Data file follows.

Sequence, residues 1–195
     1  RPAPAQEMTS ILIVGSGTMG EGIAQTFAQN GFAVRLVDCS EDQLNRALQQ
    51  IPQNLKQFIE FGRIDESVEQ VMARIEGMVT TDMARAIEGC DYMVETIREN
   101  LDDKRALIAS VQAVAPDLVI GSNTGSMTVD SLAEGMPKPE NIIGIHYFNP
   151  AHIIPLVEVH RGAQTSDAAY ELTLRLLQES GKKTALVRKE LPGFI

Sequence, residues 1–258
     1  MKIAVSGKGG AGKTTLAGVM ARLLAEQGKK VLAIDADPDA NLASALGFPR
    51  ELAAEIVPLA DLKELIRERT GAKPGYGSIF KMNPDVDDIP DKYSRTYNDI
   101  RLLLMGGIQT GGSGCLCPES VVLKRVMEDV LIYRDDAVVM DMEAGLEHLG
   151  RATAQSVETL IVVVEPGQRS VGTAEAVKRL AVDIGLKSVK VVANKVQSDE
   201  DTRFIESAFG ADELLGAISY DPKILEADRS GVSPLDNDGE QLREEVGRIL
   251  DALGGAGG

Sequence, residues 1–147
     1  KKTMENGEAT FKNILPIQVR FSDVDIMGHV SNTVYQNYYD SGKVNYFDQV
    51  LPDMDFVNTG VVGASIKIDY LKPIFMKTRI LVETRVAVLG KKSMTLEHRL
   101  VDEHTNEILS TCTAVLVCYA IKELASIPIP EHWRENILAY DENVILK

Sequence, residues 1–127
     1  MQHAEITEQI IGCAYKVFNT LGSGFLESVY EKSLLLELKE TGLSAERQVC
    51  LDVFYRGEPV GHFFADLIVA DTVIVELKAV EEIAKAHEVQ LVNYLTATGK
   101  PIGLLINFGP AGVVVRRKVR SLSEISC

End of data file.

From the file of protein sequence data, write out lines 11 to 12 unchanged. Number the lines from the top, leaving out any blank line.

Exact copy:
   201  DTRFIESAFG ADELLGAISY DPKILEADRS GVSPLDNDGE QLREEVGRIL
   251  DALGGAGG